A lot of pilots have been killed because of that effect, which is why I researched it in the first place over 30 years ago. The brain's alpha rhythm is 7.8 Hz, or approximately 1/2 of the highest detectable flash rate. A light at that frequency appears to be steadily on, but the visual cortex still fires in response to every flash. It can stimulate an artificial alpha that essentially induces an epileptic-like siezure. For some unknown reason, a red-orange light source has more impact than other colours. All of the foregoing has presented itself to the aviation community in the form of 'flicker vertigo'. An unwarranted number of pilots were crashing during sun-set landings, and that turned out to be the reason. At a typical power setting for landing, the prop is cutting the (red) sun approximately 16 times per second.

16. Jul 19, 2007

### LHarriger

Easy with the big vocabulary, maybe tomorrow you can help me learn my farm animals. (Kidding of course.):tongue2:

When I first noticed this effect it was with two fences. However, since then I have observed it for only one fence. You have to be moving pretty fast though (or atleast I think). In any case I have only noticed it on interstate travel and similiar speeds.

If you move your eyes quickly from the top of your monitor to the bottom then I have sometimes seen a moving line flashing downward. I expect it is same effect as watching a fan blade rotate by moving you eyes in a circle.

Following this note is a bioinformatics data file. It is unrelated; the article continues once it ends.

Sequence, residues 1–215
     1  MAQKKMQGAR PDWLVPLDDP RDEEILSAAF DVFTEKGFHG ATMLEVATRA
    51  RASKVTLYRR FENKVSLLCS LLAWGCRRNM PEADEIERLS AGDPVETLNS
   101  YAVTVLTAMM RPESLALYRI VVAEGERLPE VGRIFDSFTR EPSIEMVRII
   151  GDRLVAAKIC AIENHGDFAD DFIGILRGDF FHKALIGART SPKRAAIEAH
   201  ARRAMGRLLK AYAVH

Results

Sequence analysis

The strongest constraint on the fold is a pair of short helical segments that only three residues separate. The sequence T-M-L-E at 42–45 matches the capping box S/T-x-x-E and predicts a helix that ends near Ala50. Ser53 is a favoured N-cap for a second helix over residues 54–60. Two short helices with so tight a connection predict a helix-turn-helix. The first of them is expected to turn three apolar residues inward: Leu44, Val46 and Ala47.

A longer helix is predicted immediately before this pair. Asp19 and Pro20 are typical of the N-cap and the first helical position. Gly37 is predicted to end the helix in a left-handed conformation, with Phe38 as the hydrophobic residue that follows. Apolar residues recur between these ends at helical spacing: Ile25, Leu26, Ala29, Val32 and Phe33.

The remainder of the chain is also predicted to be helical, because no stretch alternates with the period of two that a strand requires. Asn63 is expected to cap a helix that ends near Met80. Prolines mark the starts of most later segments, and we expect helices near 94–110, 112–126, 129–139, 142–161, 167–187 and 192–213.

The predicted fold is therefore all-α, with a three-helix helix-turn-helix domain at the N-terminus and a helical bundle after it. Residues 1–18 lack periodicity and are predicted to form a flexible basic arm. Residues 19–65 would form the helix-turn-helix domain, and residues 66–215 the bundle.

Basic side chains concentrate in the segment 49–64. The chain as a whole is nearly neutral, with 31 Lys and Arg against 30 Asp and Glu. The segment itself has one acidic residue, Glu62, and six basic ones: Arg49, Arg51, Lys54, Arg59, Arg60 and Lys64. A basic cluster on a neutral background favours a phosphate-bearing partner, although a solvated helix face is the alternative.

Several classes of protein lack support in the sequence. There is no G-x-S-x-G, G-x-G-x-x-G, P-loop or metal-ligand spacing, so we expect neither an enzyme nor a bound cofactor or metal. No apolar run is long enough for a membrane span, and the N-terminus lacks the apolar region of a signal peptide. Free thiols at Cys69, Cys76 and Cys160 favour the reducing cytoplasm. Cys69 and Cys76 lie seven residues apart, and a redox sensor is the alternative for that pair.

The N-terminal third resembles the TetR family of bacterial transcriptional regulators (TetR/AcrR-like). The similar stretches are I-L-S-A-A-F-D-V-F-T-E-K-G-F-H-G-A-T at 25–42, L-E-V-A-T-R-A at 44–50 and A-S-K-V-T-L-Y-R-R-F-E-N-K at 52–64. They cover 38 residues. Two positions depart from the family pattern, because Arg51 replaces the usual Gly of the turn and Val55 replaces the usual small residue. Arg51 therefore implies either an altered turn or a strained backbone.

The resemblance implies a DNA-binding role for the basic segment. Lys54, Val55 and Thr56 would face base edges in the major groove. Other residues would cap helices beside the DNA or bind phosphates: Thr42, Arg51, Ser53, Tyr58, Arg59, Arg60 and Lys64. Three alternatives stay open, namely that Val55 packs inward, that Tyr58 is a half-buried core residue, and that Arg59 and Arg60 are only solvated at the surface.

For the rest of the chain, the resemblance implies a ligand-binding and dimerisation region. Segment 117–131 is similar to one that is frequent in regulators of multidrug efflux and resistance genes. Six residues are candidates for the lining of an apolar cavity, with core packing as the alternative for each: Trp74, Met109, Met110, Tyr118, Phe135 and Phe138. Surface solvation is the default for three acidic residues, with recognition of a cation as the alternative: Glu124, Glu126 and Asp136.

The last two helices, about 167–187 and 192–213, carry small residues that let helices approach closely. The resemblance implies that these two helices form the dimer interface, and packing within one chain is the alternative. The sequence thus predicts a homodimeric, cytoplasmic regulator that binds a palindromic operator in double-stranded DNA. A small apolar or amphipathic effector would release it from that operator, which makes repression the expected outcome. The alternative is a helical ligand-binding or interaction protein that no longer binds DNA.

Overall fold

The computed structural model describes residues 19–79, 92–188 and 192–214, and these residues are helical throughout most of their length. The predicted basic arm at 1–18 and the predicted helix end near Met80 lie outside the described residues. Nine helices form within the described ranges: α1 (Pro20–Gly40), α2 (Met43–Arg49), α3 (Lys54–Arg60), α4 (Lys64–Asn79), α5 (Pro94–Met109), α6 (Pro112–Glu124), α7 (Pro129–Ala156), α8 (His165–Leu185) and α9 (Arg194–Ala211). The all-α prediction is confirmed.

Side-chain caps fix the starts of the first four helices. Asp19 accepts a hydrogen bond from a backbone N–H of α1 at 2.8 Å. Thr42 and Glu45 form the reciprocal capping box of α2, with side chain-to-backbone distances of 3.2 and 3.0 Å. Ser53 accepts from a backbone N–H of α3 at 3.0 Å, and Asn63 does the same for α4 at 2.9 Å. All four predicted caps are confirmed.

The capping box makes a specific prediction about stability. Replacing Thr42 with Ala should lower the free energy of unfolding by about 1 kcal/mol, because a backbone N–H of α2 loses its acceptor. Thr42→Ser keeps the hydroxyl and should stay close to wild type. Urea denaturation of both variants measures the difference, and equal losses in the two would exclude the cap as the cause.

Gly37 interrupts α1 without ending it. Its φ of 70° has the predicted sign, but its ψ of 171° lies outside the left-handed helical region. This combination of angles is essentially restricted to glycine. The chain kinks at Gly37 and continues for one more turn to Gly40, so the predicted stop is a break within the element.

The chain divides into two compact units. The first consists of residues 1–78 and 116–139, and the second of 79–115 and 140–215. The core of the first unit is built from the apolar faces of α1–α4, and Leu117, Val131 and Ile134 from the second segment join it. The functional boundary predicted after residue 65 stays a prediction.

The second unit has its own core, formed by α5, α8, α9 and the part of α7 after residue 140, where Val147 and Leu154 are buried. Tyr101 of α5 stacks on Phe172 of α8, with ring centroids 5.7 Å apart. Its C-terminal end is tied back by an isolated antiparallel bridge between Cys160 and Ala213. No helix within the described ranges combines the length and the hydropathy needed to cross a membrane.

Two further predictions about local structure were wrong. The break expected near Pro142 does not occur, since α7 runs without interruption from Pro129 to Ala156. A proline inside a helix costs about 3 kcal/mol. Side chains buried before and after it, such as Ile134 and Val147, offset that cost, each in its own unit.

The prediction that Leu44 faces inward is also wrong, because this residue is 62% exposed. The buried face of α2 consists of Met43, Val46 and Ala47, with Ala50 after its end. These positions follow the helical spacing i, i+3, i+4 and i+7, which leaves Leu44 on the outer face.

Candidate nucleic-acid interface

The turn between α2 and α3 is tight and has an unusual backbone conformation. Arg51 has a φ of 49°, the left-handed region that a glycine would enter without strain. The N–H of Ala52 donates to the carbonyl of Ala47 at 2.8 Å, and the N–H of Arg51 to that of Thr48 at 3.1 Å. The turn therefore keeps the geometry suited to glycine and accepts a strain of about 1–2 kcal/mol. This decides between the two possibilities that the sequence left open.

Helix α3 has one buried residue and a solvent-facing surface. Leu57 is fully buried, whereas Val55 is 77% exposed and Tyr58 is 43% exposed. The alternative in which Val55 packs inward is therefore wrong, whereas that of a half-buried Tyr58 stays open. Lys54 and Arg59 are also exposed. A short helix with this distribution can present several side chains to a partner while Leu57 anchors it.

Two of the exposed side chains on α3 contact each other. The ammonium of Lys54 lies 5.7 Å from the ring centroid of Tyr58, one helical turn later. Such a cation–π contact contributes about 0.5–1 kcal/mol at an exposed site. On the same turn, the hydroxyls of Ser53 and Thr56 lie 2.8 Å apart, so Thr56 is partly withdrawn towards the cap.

17. Jul 19, 2007

### DaveC426913

It can happen in any circumstance where the light pulses, for example under a fluorescent light.

Eyes do not have a refresh rate.

While they do have a retention rate, it will not work the way you describe. If it did, you could look at a moving piece of film without benefit of a projector.

Monitors make 2 passes in 1/60th of a second, so you're seeing 1/30th. And seeing a flicker is not quite the same as retaining the image.

Critical to understanding this illusion is the fact that your eyes do not move continuously. They jump rapidly in a series of jerky movements. This acts somewhat like the shutter of a projector.

Last edited: Jul 19, 2007
18. Jul 19, 2007

### Staff: Mentor

Thanks, Dave. I was about to move this thread from General Physics to Skepticism and Debunking

19. Jul 20, 2007

### Danger

Excuse you?! :grumpy:

Flicker vertigo is a very real, deadly phenomenon. A lot of damned good pilots died because it wasn't recognized. A modern update of it is the problem that some kids have with video games causing a similar effect, which has just made the news in the last few months.